HP Buys Samsung Printer Business For $1.05B In Bid To Disrupt Copier Market With New A3 Printer Offensive

HP Inc. is buying rival Samsung's Electronics' printer business in a $1.05 billion cash deal in order to accelerate its no-holds-barred offensive to disrupt the copier market with a new portfolio of A3 printers.

"This will help us accelerate our growth into the A3 space," said HP Inc. Imaging and Printing Solutions President Enrique Lores, speaking about HP's entry into what is a new $55 billion market for the company. "This acquisition is going to help us solidify and accelerate those plans. We are really excited about the technology we are getting from Samsung."

A report last week in the Seoul Economic Daily said Samsung was considering selling its printer business to HP for $1.8 billion.

The acquisition comes a few hours before HP is set to begin its Global Partner Conference in Boston Monday morning.

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Approximately 6,000 employees including 2,000 engineers and 1,000 sales reps will move to HP when the deal is closed. It also includes more than 6,500 Samsung patents.

The deal, in fact, provides HP with critical A3 intellectual property including the laser engine that is the heart of the eagerly anticipated HP A3 portfolio, said Tuan Tran, global general manager of HP's Office and Printing Solutions business."We have been working with Samsung over the last nine months to launch the series of products which are based on the Samsung laser printing engine," said Tran.

The Samsung laser printer engine with high speed paper capabilities and the core toner technology are "fundamental" technology that is going to be critical as HP moves to differentiate itself in the A3 space, said Tran."If you want to disrupt an industry you want to have core IP to go and disruot that," he said. "That is what this acquisition is all about."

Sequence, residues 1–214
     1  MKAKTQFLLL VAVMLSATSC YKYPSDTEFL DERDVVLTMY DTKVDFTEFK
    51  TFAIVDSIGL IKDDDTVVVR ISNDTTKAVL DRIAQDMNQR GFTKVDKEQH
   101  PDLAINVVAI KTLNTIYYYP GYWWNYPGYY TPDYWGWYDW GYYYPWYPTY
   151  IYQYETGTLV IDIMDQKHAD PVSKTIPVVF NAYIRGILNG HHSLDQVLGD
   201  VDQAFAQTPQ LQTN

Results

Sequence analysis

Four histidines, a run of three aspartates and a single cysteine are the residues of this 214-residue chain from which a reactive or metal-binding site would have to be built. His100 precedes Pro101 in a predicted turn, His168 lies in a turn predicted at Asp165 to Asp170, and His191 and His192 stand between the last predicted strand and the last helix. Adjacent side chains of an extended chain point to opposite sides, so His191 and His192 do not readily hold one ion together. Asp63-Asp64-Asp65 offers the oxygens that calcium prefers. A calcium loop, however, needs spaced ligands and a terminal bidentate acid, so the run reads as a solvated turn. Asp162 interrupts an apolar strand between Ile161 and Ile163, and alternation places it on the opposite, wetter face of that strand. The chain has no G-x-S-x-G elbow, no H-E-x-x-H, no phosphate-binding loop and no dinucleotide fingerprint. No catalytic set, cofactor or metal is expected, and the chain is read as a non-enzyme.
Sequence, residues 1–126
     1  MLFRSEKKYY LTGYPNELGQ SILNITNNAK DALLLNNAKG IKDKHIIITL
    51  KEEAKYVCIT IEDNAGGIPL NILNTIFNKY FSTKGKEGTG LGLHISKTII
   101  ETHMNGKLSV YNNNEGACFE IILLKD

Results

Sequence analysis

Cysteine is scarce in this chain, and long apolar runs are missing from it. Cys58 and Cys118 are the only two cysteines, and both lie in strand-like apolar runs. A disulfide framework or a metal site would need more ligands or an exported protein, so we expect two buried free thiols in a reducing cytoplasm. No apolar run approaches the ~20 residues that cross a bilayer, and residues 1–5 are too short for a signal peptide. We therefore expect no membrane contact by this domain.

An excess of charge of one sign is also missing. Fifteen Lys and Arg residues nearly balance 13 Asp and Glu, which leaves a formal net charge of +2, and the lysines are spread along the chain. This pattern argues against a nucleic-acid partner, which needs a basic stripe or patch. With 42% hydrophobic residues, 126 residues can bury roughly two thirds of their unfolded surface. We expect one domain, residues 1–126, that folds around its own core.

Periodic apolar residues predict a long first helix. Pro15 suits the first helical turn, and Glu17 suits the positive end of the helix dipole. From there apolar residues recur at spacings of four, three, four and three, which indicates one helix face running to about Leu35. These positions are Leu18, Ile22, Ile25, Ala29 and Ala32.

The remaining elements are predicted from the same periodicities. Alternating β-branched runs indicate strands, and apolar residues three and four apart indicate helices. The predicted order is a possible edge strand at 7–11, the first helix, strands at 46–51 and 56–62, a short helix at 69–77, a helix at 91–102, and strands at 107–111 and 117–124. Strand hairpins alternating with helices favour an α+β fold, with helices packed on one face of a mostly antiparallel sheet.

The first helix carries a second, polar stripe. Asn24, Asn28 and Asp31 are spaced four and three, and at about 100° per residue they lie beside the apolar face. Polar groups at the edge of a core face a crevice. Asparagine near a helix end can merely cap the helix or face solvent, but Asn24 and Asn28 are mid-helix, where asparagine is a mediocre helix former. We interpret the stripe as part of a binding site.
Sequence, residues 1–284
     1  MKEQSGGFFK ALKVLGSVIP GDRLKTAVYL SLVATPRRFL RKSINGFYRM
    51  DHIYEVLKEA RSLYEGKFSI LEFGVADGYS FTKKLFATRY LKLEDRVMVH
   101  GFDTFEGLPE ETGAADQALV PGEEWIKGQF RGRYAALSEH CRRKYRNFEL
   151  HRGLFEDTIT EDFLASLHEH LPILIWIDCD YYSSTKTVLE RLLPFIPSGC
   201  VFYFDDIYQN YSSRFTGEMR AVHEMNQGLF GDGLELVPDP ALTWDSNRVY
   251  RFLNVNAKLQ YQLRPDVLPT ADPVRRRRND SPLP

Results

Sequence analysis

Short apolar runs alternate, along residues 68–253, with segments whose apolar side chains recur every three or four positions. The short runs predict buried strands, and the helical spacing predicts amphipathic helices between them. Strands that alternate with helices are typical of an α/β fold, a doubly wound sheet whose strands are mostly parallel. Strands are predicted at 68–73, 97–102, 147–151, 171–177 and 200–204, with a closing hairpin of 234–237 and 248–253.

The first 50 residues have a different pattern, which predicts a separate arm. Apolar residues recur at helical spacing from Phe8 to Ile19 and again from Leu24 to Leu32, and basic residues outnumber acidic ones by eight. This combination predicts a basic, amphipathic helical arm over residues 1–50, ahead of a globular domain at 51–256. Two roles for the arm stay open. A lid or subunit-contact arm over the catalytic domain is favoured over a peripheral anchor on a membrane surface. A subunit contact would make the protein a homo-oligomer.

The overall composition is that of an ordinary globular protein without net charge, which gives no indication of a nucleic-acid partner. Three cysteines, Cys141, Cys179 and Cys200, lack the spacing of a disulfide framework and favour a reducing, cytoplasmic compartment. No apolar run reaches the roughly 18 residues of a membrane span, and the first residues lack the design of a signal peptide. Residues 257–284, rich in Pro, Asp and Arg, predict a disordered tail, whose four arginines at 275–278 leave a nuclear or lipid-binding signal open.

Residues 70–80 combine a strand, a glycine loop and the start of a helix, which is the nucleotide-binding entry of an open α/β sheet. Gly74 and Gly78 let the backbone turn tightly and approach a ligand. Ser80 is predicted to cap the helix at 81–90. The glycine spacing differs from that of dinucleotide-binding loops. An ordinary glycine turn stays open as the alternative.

HP plans to fully integrate the Samsung team into HP's laser jet development team, Tran said. "We will look for synergies and opportunities to take their core technology and leverage it across our product lines," he said.

HP plans to establish the Samsung operations in Korea as a leading design center for its A3 printer business.

Lores said the disruptive Samsung technology will be critical as HP moves to grab market share in the A3 market. "We are going to be bringing to market a very clear value proposition," he said. "We will introduce printers that will have the performance of copiers meaning they will have the throughput ability to print pages at the speed that only copiers have been able to do until now."

The new HP A3 printer line will also provide dramatic improvements in the serviceability in the A3 market where copiers have been notoriously difficult to service and support. "It's a very big disruption to a market that has really not seen any significant innovation in a very long time," Lores said. "We are very excited about the opportunity this is going to bring to HP."

Mont Phelps, CEO of NWN, No. 68 on the 2016 CRN Solution Provider 500, which was named the HP Printer and Personal Systems Growth Reseller of the Year in 2015, said the deal extends HP's dominance in the printer market.

"Samsung is a big company with lots of technology and a lot of capability, but at the end of the day it is not as relevant to them as it is to HP. This is a core business for HP. This is a smart deal for both companies."